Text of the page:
About two months before, I had a family of five who paid their bill with a credit card. There was nothing suspicious about them: a mom and dad, two children and an elderly grandmother. It was a busy shift. They exited quickly. There wasn’t time to grab their bill book to make sure they signed the receipt before they left. Naturally, it wasn’t signed.

The Owner looked dimly upon unsigned receipts and assumed it’s entirely due to slapdash server lameness. Many times, people forget to sign credit card receipts. When I remind them to do so, there are awkward apologies on both sides: “I’m sorry, but I still need your signature.” “Oh! I’m sorry. Did I forget to sign? How silly of me!”

The assistant manager didn’t say anything when I closed out my sales that day, so I figured, with relief, nothing would come of it. Over a month later, as I was counting my cash at the end of a shift, the Bald Man asked to speak with me in the office. I walked back with trepidation knowing this would not be fun times.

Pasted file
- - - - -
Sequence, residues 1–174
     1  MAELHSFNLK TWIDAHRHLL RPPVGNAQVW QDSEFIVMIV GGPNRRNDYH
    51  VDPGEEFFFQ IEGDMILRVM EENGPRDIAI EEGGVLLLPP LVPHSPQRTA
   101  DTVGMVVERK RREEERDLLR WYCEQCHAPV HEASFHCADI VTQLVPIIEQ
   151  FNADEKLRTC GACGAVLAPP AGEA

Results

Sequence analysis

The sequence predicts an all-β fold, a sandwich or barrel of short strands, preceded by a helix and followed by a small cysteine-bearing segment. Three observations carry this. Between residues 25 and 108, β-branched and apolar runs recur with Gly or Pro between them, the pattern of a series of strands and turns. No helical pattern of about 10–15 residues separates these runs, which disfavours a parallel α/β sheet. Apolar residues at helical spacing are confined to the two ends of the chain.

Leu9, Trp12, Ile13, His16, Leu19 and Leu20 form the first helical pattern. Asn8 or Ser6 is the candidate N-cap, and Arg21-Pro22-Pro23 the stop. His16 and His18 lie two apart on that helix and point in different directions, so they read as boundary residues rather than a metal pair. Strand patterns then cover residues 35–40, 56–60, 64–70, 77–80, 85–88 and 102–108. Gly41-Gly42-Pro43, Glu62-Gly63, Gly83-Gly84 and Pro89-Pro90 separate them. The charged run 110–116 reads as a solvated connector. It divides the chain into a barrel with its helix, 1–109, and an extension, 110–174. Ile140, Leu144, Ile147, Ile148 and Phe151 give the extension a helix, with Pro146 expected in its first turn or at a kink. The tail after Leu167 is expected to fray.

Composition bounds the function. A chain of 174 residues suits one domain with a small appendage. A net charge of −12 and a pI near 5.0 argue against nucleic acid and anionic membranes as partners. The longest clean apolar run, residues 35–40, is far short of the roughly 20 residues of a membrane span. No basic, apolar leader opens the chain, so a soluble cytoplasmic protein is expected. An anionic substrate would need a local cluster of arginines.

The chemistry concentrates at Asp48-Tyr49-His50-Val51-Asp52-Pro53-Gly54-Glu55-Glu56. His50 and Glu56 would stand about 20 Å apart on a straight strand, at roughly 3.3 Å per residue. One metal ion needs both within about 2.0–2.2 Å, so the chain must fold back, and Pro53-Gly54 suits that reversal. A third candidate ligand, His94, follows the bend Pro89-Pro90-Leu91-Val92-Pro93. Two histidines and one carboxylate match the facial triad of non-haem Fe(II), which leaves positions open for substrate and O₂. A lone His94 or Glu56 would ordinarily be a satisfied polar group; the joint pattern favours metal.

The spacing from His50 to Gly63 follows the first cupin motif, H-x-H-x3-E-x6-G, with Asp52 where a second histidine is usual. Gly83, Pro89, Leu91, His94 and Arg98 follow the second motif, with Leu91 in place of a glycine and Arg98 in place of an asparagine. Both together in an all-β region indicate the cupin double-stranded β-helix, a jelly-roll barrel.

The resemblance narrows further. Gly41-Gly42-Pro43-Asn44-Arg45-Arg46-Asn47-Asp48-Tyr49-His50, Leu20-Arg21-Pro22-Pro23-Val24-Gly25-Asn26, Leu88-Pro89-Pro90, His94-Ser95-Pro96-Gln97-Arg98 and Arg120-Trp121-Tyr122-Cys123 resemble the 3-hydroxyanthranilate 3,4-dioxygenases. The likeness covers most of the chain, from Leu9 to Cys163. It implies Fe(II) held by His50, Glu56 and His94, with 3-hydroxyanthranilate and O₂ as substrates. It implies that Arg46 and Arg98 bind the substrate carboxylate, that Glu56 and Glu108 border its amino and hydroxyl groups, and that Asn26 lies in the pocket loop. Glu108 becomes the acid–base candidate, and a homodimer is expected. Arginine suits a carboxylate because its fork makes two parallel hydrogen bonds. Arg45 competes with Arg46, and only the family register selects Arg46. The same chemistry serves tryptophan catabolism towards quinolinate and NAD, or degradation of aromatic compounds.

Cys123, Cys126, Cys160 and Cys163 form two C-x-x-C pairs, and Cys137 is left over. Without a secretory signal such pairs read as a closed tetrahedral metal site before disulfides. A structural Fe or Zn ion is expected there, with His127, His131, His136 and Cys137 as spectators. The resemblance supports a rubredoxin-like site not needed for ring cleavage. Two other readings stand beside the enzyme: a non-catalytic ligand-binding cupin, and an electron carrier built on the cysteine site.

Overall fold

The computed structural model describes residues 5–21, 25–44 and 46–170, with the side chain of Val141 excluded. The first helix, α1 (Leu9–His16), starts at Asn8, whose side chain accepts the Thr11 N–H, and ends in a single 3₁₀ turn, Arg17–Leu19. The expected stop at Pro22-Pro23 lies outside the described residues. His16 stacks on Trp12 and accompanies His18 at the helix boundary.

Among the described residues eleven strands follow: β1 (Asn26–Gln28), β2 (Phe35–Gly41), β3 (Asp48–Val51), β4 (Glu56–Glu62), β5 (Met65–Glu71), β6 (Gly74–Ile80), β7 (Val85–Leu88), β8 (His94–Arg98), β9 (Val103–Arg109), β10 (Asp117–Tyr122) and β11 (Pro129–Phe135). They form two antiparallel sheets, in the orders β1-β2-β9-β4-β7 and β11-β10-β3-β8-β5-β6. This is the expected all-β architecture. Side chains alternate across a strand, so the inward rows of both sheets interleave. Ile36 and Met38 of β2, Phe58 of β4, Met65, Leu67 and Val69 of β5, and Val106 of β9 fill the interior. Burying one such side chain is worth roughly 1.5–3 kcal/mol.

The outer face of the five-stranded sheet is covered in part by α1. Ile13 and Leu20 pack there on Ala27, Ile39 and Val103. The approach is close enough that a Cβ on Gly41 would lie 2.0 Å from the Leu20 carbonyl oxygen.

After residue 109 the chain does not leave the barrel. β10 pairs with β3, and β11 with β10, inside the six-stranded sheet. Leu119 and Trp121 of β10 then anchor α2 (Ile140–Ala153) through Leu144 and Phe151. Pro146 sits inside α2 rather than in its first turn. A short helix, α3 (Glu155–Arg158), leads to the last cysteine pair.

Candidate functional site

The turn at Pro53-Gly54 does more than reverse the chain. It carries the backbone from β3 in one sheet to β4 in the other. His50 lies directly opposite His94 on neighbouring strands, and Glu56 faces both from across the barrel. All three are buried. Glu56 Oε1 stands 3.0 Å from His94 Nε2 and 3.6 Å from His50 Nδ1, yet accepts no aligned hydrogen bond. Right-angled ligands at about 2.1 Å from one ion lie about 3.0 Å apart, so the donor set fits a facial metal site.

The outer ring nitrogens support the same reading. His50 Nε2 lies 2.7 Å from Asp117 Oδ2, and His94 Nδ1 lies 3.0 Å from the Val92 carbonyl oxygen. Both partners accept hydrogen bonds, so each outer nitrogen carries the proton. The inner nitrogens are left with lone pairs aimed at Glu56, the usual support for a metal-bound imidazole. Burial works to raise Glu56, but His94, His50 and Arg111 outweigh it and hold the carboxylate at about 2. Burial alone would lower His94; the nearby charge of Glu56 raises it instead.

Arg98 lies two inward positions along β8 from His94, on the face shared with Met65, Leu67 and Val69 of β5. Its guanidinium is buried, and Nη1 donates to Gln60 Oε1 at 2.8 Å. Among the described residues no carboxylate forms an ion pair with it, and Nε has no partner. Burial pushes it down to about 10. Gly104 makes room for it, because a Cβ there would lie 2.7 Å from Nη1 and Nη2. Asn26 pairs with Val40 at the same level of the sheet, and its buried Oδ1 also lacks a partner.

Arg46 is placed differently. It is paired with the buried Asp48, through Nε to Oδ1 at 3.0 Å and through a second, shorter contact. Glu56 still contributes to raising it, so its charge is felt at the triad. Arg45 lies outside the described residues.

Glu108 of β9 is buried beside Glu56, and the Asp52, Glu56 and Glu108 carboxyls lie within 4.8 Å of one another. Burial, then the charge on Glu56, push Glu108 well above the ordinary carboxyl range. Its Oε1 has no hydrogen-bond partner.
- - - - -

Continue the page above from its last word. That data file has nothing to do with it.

The office was the size of a walk-in closet and it felt too small to hold the two of us. A table top, with a couple of metal filing cabinets underneath, rested against the full length of the side wall. A large safe was embedded in the back wall. The room felt cluttered and cramped.

After I turned over my sales for that shift, the Bald Man said, “The customer who paid this bill is contesting the credit charge.” He passed the unsigned receipt and a document across the table top. “We’re still talking to the credit card company, but we need you to accept responsibility for the charge should they side with the customer.”